Knoxville woman avoids debt collector’s scam

Knoxville, Tenn. (WATE) – A Knoxville woman is resting easier after dodging a call from scammers claiming to be debt collectors.

Lisa is a longtime resident of the Knoxville area and she doesn’t live too far from her parents. She pays her bills, has a car loan, but otherwise no other outstanding debt. Then last week she got a call from a guy claiming he was from a collection agency.

“He told me I owed Freedom Communications $493. I was afraid. I did not know. It was weird that they had real real information,” said Lisa, who chose not to share her last name. “They knew my name and my social security number.”

She said the caller also knew her mother’s phone number, her father’s number and even the bank she uses. Having all of this information correct, Lisa thought the caller was legitimate. But a debt contracted in 2013 with a company that she no longer remembers? It didn’t seem right.

“I told him that I didn’t own anything. I didn’t know who it was, I had never heard of it. He said, well, you owe it and you’ll have to pay it. And, if we don’t get the money back tonight, then tomorrow you’re going to court. You will have to pay attorney fees and it will be up to $3,000,” Lisa said.

At the time, Lisa said she was really worried, that there was no way she could pay $3,000, let alone $400, on a debt she couldn’t remember.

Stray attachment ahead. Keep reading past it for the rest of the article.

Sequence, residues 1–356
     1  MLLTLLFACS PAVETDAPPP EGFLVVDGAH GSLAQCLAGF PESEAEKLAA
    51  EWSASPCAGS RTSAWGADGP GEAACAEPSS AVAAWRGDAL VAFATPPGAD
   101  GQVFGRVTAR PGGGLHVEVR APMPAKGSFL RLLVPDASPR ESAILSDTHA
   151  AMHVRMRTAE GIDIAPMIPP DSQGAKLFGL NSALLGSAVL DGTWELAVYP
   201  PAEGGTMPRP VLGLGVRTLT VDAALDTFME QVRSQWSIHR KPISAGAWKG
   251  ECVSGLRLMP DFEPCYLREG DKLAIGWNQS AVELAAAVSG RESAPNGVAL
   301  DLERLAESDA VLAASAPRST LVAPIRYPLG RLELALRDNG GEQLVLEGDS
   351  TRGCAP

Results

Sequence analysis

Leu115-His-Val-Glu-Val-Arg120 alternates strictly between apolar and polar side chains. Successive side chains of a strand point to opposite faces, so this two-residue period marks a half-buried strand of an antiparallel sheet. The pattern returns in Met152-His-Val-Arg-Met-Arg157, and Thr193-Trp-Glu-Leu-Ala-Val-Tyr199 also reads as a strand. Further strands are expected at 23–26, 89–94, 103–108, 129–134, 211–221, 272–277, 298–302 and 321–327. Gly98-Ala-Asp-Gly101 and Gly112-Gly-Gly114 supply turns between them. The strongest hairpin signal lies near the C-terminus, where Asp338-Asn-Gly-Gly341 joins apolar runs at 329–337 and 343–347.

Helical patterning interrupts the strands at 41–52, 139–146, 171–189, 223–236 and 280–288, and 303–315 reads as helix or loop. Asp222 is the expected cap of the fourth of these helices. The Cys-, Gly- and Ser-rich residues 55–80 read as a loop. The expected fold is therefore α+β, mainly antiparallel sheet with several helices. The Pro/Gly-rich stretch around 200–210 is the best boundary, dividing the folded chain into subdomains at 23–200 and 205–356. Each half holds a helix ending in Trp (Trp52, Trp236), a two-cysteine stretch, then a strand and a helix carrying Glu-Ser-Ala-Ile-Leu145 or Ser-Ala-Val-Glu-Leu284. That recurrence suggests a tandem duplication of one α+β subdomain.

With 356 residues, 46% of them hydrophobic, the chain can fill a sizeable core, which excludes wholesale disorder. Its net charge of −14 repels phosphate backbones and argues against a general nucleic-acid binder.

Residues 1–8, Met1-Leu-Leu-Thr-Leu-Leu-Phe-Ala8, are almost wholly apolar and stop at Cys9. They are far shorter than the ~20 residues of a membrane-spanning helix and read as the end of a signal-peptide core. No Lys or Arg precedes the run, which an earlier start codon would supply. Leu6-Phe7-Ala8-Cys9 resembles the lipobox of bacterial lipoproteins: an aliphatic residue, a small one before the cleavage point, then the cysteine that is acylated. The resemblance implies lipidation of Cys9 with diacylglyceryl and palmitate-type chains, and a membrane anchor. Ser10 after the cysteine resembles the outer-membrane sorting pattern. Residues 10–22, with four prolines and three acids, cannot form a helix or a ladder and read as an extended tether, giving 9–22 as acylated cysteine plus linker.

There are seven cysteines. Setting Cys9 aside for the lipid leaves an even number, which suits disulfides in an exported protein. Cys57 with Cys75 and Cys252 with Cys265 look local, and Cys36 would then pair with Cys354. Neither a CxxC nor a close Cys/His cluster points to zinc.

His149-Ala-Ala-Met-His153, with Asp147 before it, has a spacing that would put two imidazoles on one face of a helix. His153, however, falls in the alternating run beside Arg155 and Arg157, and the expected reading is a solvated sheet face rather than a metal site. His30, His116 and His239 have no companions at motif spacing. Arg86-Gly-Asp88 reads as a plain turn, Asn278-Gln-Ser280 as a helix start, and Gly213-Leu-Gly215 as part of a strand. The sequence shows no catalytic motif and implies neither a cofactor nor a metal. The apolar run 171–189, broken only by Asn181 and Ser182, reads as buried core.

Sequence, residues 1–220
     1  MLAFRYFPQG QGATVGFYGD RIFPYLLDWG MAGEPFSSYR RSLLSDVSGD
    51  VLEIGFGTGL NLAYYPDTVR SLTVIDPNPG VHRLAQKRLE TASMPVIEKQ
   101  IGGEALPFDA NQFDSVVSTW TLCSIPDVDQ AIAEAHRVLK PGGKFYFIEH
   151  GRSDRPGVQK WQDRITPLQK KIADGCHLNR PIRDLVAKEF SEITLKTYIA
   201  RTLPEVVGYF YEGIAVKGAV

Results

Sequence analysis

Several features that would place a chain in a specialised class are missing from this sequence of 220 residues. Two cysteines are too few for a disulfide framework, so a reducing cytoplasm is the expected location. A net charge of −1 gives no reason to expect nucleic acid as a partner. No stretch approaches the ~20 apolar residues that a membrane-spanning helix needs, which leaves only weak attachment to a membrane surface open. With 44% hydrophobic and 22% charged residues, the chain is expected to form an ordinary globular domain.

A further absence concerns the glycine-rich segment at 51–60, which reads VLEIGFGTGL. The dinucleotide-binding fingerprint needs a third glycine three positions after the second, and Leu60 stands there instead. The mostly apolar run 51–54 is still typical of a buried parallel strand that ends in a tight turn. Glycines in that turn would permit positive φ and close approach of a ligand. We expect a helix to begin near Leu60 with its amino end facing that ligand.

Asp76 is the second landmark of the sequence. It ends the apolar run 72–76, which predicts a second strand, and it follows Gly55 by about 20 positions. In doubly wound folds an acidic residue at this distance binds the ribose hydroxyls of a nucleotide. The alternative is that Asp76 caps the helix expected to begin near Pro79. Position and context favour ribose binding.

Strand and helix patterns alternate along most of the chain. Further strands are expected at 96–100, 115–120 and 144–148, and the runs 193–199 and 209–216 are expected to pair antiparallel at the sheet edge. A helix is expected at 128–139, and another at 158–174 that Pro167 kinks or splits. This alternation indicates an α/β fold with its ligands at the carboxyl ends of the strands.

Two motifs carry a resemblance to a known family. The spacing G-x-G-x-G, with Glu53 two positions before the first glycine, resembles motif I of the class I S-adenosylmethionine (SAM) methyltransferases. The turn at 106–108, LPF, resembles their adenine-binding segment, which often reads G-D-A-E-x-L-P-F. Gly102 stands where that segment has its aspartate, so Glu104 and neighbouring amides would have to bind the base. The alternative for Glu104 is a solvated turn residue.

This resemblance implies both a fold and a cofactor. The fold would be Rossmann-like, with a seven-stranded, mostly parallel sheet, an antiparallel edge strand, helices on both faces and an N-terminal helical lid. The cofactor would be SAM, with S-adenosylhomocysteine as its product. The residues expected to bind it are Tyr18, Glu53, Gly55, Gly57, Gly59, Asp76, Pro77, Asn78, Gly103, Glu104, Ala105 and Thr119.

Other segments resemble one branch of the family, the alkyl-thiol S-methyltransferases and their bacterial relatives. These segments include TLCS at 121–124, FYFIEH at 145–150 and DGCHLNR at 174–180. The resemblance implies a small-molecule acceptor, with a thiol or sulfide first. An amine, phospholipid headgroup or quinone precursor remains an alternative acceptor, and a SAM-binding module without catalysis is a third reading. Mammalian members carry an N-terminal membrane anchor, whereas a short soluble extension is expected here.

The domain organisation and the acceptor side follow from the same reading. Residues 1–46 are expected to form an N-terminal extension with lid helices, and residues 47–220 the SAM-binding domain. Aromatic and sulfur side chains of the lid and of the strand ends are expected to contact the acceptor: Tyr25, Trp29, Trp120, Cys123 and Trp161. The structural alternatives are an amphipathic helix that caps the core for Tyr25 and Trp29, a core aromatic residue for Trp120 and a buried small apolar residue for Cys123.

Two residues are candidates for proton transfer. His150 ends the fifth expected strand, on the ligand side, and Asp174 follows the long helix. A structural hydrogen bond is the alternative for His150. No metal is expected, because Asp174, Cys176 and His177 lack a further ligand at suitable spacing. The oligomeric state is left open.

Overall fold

“I told them I wasn’t working and couldn’t afford it. They said if you don’t work, all we have to do is struggle. So they lowered it to $200. Yes. They traded at $275. I said, okay, if I have to, then send me proof. I will pay it tonight because I wouldn’t want to fall asleep knowing I owe someone money,” Lisa said.

She then received the email below, a payment stipulation, and instructions on how to click the link to sign. Lisa never opened the link in the email, instead she went to her bank.

“So they put a high alert on our account. They said unless they got something from the court that it was certified and registered, they wouldn’t do anything,” Lisa said.

She also contacted one of the three credit reporting agencies. This free report shows the balance she owes on her car and says “no collection debt”.

Here are some things to know about this scam

The Federal Trade Commission says you can’t be arrested for not paying your bills. If a debt collector calls and before you agree to pay anything, ask for written proof showing the amount and to whom you owe.

What if you think you don’t owe any money?

By law, debt collectors must send you a written document, called a validation notice, within five days of their first contact with you. If they don’t, that’s a warning sign that they might not be legit, that it’s a scam.

The FTC says debt collection complaints account for nearly one-third of consumer complaints to the commission. If you or someone you know has received a suspicious debt collection call, report it to the FTC.

How can I check if a debt collector is legit or not?

Ask the caller for their name, company, address, and phone number. You can also refuse to discuss any debt until you get this written “validation notice”.

Lisa’s warning about this hoax is succinct.

“I would hang up and definitely not make any payments to anyone,” Lisa said.

Tana T. Thorsen